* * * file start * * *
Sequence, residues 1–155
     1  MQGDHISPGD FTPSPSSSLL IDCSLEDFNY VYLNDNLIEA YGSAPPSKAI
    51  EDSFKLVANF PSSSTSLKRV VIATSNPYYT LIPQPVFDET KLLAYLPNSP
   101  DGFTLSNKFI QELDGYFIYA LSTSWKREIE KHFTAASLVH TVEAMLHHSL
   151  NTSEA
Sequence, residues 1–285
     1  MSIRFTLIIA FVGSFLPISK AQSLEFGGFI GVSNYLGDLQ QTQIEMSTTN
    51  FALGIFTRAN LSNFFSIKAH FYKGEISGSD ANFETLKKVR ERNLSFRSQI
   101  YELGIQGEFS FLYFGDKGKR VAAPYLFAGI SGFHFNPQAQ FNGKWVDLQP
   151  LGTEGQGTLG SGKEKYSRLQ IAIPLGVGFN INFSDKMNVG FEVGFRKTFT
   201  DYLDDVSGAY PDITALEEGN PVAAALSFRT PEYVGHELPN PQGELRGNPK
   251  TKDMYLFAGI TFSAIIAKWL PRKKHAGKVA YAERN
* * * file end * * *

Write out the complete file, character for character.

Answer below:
Sequence, residues 1–155
     1  MQGDHISPGD FTPSPSSSLL IDCSLEDFNY VYLNDNLIEA YGSAPPSKAI
    51  EDSFKLVANF PSSSTSLKRV VIATSNPYYT LIPQPVFDET KLLAYLPNSP
   101  DGFTLSNKFI QELDGYFIYA LSTSWKREIE KHFTAASLVH TVEAMLHHSL
   151  NTSEA
Sequence, residues 1–285
     1  MSIRFTLIIA FVGSFLPISK AQSLEFGGFI GVSNYLGDLQ QTQIEMSTTN
    51  FALGIFTRAN LSNFFSIKAH FYKGEISGSD ANFETLKKVR ERNLSFRSQI
   101  YELGIQGEFS FLYFGDKGKR VAAPYLFAGI SGFHFNPQAQ FNGKWVDLQP
   151  LGTEGQGTLG SGKEKYSRLQ IAIPLGVGFN INFSDKMNVG FEVGFRKTFT
   201  DYLDDVSGAY PDITALEEGN PVAAALSFRT PEYVGHELPN PQGELRGNPK
   251  TKDMYLFAGI TFSAIIAKWL PRKKHAGKVA YAERN